Chronicle of the Middle East and North Africa

Bahrain: The British protectorate since the 17th Century

Bani Utba, Bahrain, 1782-1783
Bani Utba, Bahrain

The British - Al-Khalifa Alliance

The ancestors of the present ruling family of Bahrain, the Al-Khalifa, were among the Sunni Bedouin tribes, known collectively as the Bani Utba/the Utub, who migrated from central Arabia to Kuwait in the early 18th century. In 1766 the Al-Khalifa was among the group of Utub that sailed from Kuwait to the Qatar promontory, settling on its north-western shore. This location was convenient to the rich pearl banks of Bahrain, where these Utub clans had commercial interests while they resided in Kuwait.

In 1782, restless Utub tribesmen moved onto the Bahrain islands – then controlled by the Persians through an Omani governor – provoking an unsuccessful Persian-Omani attempt to expel the Utub from the area in 1783. In the wake of their surprising victory, more Utub settled on the overwhelmingly Shiite Bahrain islands.

As a result of the victory of the Utub over the Persians, the Al-Khalifa clan gained political supremacy in the archipelago. The present dynasty’s founding father, Ahmed bin Khalifa (known as al-Fatih, the Conqueror), who ruled until 1794, successfully thwarted Omani and Persian attempts to re-establish their authority. But Ahmed’s jointly ruling sons, Salman and Abdullah, were less successful and were temporarily reduced to the status of vassal of the Al Saud of Najd and the ruler of Oman respectively.

On the death of Salman in 1825 the ruling family split into two competing branches. Each of the feuding sub-clans, one based in Manama and the other in Qatar, was supported by foreign allies. From time to time the islands were engulfed by violence, with the members of the wealthy local Indian merchant community – protected subjects of the British Raj in India – as typical targets.

The British East India Company had been present in the Gulf since the early 17th century. In 1816 the Company’s representative in Persia – the so-called Resident, in Bushehr (Bushire) – had visited Bahrain at the invitation of co-ruler Abdullah. They had signed an agreement of friendship which, in addition to encouraging peaceful mutual trade, allowed for the establishment of a company agency in Bahrain. The first ‘native’ company agent, a local Hindu merchant, was soon installed. This appointment marks the beginning of British-Indian political influence on Bahraini domestic and foreign affairs. The Political Resident of the Government of India, which had replaced the disbanded East India Company in 1858, would become kingmaker in Bahrain from his residence in Bushehr.

Institutionalization of Al-Khalifa rule

In 1861 the Political Resident installed the 21-year-old Isa bin Ali Al Khalifa (‘Isa the Great’) as the new ruler of Bahrain, thereby effectively ending decades of internal strife. Sheikh Isa ruled peacefully under British supervision until 1923, when his former benefactors replaced him with his more malleable eldest son, Hamad. At that time British-Indian power in the Gulf – and Bahrain especially – had reached its zenith.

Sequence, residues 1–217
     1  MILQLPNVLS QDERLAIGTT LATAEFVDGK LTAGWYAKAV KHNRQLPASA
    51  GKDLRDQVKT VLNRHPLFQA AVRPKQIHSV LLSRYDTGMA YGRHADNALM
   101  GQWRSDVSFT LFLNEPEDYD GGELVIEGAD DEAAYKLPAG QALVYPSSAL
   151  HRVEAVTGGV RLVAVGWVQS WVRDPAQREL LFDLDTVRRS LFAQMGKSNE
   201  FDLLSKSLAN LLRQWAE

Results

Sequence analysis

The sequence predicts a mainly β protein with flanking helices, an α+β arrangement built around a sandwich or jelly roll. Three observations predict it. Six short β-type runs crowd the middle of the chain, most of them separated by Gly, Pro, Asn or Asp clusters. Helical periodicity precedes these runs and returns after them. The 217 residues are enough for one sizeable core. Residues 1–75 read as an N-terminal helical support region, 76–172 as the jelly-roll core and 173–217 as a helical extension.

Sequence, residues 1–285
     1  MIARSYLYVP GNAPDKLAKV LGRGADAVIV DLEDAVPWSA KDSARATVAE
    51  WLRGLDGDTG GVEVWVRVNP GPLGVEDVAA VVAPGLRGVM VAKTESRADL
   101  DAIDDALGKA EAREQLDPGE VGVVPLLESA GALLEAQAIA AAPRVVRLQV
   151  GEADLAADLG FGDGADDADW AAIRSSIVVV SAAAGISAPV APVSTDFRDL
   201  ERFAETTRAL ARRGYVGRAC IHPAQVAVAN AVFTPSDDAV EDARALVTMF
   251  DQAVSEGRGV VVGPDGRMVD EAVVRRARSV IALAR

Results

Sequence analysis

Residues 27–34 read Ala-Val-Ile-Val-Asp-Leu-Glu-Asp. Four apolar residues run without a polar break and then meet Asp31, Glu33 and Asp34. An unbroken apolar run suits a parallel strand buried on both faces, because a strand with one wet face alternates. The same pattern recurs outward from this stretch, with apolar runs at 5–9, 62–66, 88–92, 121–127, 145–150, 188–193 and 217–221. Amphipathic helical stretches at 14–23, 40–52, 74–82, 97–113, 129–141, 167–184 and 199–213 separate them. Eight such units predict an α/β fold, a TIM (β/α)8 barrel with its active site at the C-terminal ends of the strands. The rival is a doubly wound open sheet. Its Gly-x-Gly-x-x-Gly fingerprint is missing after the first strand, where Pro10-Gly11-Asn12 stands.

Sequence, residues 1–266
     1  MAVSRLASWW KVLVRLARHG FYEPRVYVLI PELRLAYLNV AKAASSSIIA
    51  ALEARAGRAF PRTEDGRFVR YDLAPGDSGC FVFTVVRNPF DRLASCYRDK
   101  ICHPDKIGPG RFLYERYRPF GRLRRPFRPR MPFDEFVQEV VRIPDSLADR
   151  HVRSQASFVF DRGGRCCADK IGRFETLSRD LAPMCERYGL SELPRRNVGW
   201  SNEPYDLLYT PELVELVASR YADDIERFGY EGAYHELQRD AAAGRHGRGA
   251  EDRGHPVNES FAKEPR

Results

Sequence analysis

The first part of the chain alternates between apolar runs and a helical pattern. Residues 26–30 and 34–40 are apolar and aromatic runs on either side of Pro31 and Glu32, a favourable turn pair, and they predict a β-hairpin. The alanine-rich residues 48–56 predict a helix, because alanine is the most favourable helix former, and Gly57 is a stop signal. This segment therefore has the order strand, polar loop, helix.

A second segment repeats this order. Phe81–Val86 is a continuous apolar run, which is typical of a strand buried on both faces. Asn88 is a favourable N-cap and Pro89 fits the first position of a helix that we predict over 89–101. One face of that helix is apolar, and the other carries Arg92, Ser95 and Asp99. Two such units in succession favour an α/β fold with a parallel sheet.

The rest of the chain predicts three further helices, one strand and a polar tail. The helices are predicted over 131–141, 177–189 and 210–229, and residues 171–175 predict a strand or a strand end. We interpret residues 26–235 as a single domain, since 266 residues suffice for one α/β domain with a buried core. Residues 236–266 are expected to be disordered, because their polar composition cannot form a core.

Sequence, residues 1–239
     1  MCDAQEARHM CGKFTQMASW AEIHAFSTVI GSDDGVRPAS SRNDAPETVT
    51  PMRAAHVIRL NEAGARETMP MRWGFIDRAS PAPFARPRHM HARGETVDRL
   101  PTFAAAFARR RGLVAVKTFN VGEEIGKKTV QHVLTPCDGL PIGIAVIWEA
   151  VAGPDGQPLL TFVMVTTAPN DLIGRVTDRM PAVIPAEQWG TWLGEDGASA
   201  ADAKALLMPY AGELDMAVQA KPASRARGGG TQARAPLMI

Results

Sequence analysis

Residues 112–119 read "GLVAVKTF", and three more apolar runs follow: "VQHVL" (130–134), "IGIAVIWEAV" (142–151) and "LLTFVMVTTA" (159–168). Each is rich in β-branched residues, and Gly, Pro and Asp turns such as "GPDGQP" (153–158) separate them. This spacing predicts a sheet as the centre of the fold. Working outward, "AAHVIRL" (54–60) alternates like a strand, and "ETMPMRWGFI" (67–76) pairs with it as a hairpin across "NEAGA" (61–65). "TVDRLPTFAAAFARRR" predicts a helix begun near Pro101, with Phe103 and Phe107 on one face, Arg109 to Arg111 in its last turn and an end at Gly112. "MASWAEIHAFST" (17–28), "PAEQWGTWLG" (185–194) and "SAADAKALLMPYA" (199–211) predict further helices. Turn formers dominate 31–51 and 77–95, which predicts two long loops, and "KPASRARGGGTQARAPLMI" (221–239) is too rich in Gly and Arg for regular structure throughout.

In 1900 the ‘native’ agents in the Gulf sheikhdoms had been replaced by British agents from the Indian Political Service, who tended to rule the sheikhdoms as their personal fiefs. When oil was found in the Jabal al-Dukhan in 1932, the British designated part of these revenues for the construction of a colonial administration on which the modern state of Bahrain has been built. By creating a strong police force and exiling political dissidents to India, the British also drew the blueprint for the repressive political system on which the Al Khalifa rulers would come to rely after independence.

Charles D. Belgrave

Bahrain Independence 1971
“Bahrain Independence 1971” by Mark Morgan Trinidad A is licensed under CC BY 2.0

For some thirty years the British ‘advisor’ Charles D. Belgrave was de facto ruler of Bahrain. The British Government of India had appointed him in 1926 as ‘personal secretary’ to Hamad bin Isa Al Khalifa, further strengthening British control of Bahrain’s internal affairs. It was Belgrave who laid the foundations of the modern state’s administration, physical infrastructure, and security apparatus. In 1957 he had to leave Bahrain after becoming the focus of pan-Arab, anti-British demonstrations.

In 1942 Salman bin Hamad succeeded his father. He might have realized – from the fact that the British-Indian Raj had come to a sudden end in 1947 – that British support for his family’s authority might no longer be counted on.

In 1948 Salman signed an accord with Saudi Arabia, thereby acknowledging the rising power of his ambitious neighbour. When Salman died in 1961, the authority of his successor, Isa bin Salman Al Khalifa, was propped up by Saudi financial and military assistance.

When the British announced in 1968 their political withdrawal from the region ‘east of Suez’, Isa bin Salman had not only embedded Bahrain in regional power structures but had also inherited a modern state with a distinct identity. There was therefore no pressing need for Bahrain to join the Lower Gulf sheikhdoms in what was to become the United Arab Emirates. On 11 August 1971 Bahrain became an independent emirate.